Tuesday, August 19, 2008

Social Inhibitions: Bad or Good?

I remember when being someone that respected others actually meant something. What I mean is that lately, I find that people seem to negate obligations (yes I think it is necessary) to treat people like they would like to be treated.

I don't know if it is the way media influences people, but people in general seem to not care how they treat others, or stop to realize how their actions actually HAVE consequences.

When I was younger, I was told by my parents to always be courteous to others, and treat them like you would want to be treated. This stuck with me, and I always showed respect for others. I mean, I open doors for women (it's the way I grew up), and I try not to offend people when I am talking to them. It seems that now, people have grown up without these notions, and they do not respect others. They say what they want, do what they please, and do not consider anything inbetween. What happened here? (insert article on this)

Personally, I just think people think they are being 'cool' or 'try to fit in.' Usually they are influenced by each other, and where do you think this all comes from? I think it comes from the media. Most figures that you see on TV or whatnot do not care about other people's feelings, they say what they want (ie: House from House M.D., and Bam Margera from Jackass). I think it is now becoming commonplace to view these stars as role models, and people growing up think it is right to act this way.

If you think about it, people think they are being very clever when they act without boundaries, but if you think about it, they have already played into mass media. They are acting like they are being influenced to do so. People that show humility and respect others are viewed as 'uncool.' In reality, the people that show respect for others are much more free than those that are mindlessly following trendy-social constructs.

It is time that we really looked at our popular media and realized that it is not just 'there for our entertainment,' because 90% of the time we are either being sold something, or being influenced to act a certain way/view a certain perspective (ie: the blocking of Ralph Nader in the SuperDelegates Open Debate)

Sidenote: While I argue against 'no bounds' interraction between people in this article, that is not to say that I do not think people should speak their opinion. There is a thin line between voicing your opinion and mindlessly harassing another person. When the line is crossed, that in particular, is what my article deals with.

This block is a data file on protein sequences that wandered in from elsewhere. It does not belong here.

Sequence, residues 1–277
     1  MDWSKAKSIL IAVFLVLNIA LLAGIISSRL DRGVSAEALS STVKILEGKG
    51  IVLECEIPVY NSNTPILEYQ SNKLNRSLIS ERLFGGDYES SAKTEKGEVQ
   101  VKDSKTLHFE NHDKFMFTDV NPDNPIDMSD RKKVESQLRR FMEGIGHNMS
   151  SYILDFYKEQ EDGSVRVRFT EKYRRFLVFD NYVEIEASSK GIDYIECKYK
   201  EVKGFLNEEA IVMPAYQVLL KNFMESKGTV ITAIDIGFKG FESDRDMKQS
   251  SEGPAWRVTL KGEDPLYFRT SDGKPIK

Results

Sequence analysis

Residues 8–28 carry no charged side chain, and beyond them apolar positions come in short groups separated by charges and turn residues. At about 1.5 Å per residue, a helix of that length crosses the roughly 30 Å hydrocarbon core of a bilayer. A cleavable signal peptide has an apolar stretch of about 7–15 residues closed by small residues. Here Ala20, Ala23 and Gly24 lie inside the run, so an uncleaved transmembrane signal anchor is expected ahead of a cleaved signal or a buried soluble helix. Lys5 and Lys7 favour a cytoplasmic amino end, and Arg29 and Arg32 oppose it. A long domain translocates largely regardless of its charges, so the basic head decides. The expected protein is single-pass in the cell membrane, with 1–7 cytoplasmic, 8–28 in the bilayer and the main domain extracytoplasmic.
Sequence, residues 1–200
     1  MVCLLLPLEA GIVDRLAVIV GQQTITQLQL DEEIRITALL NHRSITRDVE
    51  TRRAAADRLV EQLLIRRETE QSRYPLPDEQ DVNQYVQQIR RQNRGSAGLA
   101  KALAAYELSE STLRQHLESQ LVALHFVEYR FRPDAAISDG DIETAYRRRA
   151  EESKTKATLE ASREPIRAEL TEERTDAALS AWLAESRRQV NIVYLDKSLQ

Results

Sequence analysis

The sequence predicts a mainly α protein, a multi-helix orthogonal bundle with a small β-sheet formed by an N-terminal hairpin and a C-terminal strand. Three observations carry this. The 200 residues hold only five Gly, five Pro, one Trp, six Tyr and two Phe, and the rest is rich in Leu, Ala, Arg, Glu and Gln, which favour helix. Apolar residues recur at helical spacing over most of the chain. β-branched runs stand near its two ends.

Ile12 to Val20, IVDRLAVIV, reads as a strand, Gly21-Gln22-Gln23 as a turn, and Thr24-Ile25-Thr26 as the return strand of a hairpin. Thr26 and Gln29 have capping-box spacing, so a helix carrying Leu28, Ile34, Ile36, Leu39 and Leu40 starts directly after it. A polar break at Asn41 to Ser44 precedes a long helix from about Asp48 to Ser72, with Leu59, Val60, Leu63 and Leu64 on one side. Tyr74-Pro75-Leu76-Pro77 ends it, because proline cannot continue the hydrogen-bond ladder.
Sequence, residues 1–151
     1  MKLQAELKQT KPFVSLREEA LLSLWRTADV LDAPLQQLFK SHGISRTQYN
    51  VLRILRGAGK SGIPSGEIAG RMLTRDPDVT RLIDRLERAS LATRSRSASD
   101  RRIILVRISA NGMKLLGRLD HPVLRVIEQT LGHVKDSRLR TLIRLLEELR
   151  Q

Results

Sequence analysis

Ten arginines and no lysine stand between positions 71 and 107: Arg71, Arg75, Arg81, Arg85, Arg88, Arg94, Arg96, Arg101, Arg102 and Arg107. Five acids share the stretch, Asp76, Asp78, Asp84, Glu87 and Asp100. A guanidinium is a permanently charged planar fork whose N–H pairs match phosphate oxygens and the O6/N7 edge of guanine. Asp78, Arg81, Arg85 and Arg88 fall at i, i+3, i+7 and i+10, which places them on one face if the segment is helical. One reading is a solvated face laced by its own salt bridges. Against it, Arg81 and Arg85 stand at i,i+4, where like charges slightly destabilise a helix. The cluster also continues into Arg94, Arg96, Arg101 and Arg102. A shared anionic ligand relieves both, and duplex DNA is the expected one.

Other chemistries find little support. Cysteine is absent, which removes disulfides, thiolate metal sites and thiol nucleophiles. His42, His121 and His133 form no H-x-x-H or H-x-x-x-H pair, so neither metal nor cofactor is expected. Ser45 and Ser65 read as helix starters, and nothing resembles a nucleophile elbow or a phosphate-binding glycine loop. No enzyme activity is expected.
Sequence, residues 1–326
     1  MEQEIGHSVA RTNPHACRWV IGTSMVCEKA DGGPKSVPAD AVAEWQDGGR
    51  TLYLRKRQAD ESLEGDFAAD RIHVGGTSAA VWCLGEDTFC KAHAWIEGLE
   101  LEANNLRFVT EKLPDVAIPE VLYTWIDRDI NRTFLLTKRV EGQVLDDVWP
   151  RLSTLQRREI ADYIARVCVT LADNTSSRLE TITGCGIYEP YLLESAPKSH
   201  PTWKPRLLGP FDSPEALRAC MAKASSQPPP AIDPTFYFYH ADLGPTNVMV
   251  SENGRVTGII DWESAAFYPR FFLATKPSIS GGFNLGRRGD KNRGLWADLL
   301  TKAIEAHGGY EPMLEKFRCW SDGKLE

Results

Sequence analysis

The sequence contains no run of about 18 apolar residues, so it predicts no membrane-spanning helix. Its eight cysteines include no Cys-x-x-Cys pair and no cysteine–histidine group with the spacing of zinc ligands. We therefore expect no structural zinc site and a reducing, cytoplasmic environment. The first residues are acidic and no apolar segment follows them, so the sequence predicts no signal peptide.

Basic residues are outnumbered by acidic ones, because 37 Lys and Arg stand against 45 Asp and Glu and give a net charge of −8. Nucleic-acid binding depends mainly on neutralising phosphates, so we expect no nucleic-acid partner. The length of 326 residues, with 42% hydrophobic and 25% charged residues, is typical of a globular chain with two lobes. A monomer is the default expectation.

I also would like to say that I do not think violent games/violent movies cause people to act violenting. Accordingly, I do not think that TV stars such as 'House' or 'Bam Margera' directly cause people to act with inhibitions, BUT they give those people, which are easily influenced, an example of how it is beneficial.


The Commentator said...

You're absolutely right.

Same with the political ideas. What passes off as 'alternative' really is 'mainstream.'

I try to be as polite and courteous as possible too. But I must admit it simply isn't reciprocated.

I'll add one thing to what your parents taught you (and mine.) During my post-secondary studies my father would give me extra cash to get by and he would always say in Italian, "if you're with people always offer something. Don't be foolish."

That stuck with me too.

DC said...

Your father was a very smart man.
Yes, the idea of reciprocating kindness is becoming a lost art.

I don't know if it cultural, mass media, etc. But something has changed in our society to make us cold to each other.

For instance, if someone looks like they need help (ie: with carrying furniture up a flight of stairs) I find that a lot of people will pass on by. To me, that is just horrible.

I think people have lost the ability to put themselves in the shoes of other people. They go around living in a bubble, and cannot see past their noses. I hope this trend reverses itself sometime soon though.